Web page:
Vic Police Drops Charges Against Indigenous BLM Protesters, Instead Forced To Pay Legal Fees

Victoria Police has officially withdrawn charges against two Indigenous activists who helped organise the 2020 Black Lives Matter protests in Melbourne.

Amangu Yamaji woman Dr Crystal McKinnon and Gunai and Gunditjmara woman Meriki Onus have been fighting to have the charges dropped since June of 2022.

They were originally charged with breaching the Chief Health Officer’s lockdown orders by organising the march against Aboriginal deaths in custody through Melbourne’s CBD in June 2020 and were fined $1652 each.

The second of two attempts to have the case thrown out occurred in November when the prosecution attempted to alter their wording. The wording change was ruled against by the magistrate.

“The matter has been carefully considered by the prosecution and as a result of the ruling of the court the prosecution seeks to withdraw the charges,” prosecutor Matt Fisher said per Guardian Australia.

The magistrate presiding over the case, Andrew McKenna ordered Victoria Police to cover the cost of both women’s legal defence. A massive result considering they were up against the full force of Vic Pol.

“We would like to emphasise that the fight is not over,” Onus said outside the courtroom after the ruling had been made.

“One death in custody, one death by the state is one too many.”

“We would like to extend our solidarity and support to all people and groups organising and fighting for justice to end racism and the ongoing violence.”

The whole process has been an absolute marathon and absolutely infuriating for Onus and McKinnon who were constantly being mucked around by authorities.

Victoria Police previously told both activists that all charges would be dropped in July, two full years after the 2020 protests. But they confirmed days later they actually would not be dropping charges.

Are you confused? I’m confused. To be honest, it sounds like Victoria Police were also confused.

The organisers’ lawyer Ali Besiroglu said police had confirmed on July 5 all charges would be dropped.

“We are unable to comment while the matters are currently before the court other than to confirm that Victoria Police has advised us that the charges against Dr McKinnon and Ms Onus will be withdrawn,” he said at the time per The Age.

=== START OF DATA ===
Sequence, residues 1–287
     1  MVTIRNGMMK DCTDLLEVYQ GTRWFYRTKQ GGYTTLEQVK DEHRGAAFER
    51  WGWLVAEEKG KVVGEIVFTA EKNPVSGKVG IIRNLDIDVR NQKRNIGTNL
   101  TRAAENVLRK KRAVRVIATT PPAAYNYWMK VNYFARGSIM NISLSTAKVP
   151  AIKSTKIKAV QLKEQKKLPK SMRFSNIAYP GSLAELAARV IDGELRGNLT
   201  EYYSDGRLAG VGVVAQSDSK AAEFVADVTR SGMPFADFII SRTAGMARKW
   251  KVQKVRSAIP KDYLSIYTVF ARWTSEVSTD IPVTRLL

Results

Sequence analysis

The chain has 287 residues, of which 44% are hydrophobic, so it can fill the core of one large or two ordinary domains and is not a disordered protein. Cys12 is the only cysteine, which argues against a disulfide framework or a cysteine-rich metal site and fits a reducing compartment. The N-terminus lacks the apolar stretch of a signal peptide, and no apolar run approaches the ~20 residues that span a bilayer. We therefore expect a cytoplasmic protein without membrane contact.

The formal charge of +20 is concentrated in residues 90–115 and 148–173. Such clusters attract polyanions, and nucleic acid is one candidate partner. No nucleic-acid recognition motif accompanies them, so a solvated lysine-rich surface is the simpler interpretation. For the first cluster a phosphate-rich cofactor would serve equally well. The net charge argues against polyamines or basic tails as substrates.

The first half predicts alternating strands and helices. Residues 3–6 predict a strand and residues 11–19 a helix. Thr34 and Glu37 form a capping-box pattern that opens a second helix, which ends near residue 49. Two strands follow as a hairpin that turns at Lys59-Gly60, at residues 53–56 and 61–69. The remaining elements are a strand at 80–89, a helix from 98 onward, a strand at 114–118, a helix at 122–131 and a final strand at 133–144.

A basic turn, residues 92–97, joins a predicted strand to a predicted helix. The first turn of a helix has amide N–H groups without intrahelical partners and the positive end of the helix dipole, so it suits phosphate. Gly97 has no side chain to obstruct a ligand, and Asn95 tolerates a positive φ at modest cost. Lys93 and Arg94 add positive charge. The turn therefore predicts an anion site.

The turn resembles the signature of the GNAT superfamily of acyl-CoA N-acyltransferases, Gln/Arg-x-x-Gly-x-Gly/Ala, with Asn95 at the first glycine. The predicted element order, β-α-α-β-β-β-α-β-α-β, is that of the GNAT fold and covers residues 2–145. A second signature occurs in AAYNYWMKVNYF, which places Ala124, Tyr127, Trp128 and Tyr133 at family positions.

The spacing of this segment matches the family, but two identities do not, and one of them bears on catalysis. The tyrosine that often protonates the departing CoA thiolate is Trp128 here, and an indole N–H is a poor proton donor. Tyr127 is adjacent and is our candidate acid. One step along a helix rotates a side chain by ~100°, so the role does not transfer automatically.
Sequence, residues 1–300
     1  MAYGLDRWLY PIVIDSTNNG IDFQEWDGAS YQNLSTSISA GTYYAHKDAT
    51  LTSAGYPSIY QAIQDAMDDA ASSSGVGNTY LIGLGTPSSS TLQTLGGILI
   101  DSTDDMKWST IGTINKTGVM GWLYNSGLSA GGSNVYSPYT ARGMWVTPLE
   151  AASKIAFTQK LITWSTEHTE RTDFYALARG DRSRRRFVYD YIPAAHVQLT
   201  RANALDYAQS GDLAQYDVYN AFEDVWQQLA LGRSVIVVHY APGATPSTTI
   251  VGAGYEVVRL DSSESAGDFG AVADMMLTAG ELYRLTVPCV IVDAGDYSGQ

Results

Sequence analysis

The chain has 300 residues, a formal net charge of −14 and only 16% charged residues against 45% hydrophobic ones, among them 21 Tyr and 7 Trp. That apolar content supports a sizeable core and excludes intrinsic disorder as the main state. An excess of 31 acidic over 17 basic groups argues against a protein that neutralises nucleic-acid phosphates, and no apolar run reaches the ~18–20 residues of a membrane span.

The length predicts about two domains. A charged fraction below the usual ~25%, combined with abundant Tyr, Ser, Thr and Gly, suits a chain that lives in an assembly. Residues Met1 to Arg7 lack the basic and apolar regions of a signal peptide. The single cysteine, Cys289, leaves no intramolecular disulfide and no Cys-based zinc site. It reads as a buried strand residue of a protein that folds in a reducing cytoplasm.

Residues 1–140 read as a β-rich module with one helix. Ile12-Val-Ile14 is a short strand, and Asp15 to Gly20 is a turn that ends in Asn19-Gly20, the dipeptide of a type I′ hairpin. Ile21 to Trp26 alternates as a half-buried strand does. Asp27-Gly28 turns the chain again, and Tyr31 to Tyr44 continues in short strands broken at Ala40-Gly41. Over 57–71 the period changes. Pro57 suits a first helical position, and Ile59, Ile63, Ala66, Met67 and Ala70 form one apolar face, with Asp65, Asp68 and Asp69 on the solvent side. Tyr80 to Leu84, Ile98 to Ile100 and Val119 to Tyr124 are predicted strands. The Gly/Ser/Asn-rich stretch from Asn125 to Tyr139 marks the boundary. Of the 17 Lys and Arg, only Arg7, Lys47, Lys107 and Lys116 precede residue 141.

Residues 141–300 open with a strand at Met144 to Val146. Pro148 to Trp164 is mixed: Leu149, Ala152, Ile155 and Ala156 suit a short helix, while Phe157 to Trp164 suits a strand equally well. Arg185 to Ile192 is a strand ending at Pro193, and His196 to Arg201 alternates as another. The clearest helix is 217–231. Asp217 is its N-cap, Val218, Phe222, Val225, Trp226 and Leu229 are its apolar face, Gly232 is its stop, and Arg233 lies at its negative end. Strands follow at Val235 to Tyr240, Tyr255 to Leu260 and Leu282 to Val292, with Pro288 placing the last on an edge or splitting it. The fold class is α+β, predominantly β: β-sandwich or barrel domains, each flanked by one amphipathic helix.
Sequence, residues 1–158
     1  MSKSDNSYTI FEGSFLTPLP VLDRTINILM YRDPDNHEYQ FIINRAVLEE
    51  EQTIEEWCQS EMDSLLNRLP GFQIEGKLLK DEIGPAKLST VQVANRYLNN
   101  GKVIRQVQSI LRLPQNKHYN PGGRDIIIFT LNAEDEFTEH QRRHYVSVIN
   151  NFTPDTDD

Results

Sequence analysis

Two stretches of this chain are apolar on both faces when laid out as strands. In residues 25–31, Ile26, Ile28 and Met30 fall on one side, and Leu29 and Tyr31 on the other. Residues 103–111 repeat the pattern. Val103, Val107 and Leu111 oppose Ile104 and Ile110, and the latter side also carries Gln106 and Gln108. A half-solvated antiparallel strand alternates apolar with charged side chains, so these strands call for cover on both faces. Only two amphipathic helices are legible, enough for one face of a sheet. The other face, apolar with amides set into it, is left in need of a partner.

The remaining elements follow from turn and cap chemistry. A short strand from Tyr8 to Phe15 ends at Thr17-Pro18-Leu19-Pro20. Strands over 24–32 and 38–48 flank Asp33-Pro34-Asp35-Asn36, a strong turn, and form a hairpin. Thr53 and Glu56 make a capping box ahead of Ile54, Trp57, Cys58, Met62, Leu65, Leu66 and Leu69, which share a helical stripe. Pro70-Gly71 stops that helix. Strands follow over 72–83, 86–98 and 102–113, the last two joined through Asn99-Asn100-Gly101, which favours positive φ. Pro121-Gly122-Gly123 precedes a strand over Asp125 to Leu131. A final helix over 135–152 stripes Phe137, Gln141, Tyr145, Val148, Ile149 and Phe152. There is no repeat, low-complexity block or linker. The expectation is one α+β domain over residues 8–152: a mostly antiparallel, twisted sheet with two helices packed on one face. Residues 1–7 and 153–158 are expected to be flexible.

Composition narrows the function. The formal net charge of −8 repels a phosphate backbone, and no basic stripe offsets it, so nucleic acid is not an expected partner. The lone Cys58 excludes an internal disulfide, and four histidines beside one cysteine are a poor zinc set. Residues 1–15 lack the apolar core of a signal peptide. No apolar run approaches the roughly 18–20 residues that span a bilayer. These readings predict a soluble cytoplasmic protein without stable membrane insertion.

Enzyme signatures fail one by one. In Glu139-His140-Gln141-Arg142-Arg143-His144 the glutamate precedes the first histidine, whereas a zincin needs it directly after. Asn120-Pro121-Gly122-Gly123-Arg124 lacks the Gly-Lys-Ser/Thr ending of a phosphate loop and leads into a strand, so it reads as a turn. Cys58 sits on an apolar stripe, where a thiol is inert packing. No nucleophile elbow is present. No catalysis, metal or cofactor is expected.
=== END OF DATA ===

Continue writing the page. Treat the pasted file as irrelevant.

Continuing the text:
“We vow to continue standing alongside First Nations peoples in our collective pursuit for justice and wish the Aboriginal and Torres Strait Islander communities a happy NAIDOC Week.”

But Victoria Police also said on July 6 this wasn’t happening and blamed a “miscommunication”.

“A miscommunication by Victoria Police wrongly identified the matter would be withdrawn,” a spokesperson told The Age.

“We can confirm the charges have not been withdrawn and the matter will proceed at Melbourne Magistrates’ Court.

“A 41-year-old woman from Geelong North and a 34-year-old woman from Reservoir were charged with breaching chief health officer directions.”

Before it was revealed the police incorrectly told them the matter would be dropped, McKinnon and Onus said in a statement the charges were hypocritical in the first place.

“The Victorian Government presents itself as a progressive government committed to addressing past and ongoing violence against First Nations peoples through various initiatives, while at the same time trying to silence the voices who have had enough of our people dying in custody and who demand change,” they said.

“At the time of the Black Lives Matter rally a significant number of our people had died in custody since the Royal Commission into Aboriginal Deaths in Custody. That number has only increased. The message is not getting through.”

Fellow organiser Tarneen Onus-Williams was also fined but it was withdrawn.

The organisers were the subject of vitriol in 2020 from government officials, police and the public who accused them of helping spread COVID-19, which we now know wasn’t the case.

NSW Police Commissioner Mick Fuller at the time spread blatant lies in the media that the Black Lives Matter rally had caused the first wave of COVID and put Melbourne back “five or 10 years economically”.

Newscorp news outlets also published false information about the protest sparking a COVID cluster.

But not a single case was linked to the event and anyone who attended will know how seriously the organisers took health and safety. Every attendee wore a face mask and the crowd was split into smaller groups for the actual march, in accordance with gathering limits at the time.